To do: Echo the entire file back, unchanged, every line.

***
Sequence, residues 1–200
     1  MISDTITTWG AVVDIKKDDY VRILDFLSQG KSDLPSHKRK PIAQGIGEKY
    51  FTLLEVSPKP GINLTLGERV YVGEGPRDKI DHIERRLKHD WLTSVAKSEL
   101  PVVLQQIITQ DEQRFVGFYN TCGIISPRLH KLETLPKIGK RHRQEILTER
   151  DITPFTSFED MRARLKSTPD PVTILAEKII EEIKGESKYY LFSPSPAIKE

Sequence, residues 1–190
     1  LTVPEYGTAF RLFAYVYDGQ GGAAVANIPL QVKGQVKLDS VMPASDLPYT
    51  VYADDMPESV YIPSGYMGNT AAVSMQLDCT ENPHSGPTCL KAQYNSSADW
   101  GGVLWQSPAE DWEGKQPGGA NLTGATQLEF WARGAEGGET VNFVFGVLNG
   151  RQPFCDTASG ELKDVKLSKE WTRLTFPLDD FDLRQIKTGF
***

Sequence, residues 1–200
     1  MISDTITTWG AVVDIKKDDY VRILDFLSQG KSDLPSHKRK PIAQGIGEKY
    51  FTLLEVSPKP GINLTLGERV YVGEGPRDKI DHIERRLKHD WLTSVAKSEL
   101  PVVLQQIITQ DEQRFVGFYN TCGIISPRLH KLETLPKIGK RHRQEILTER
   151  DITPFTSFED MRARLKSTPD PVTILAEKII EEIKGESKYY LFSPSPAIKE

Sequence, residues 1–190
     1  LTVPEYGTAF RLFAYVYDGQ GGAAVANIPL QVKGQVKLDS VMPASDLPYT
    51  VYADDMPESV YIPSGYMGNT AAVSMQLDCT ENPHSGPTCL KAQYNSSADW
   101  GGVLWQSPAE DWEGKQPGGA NLTGATQLEF WARGAEGGET VNFVFGVLNG
   151  RQPFCDTASG ELKDVKLSKE WTRLTFPLDD FDLRQIKTGF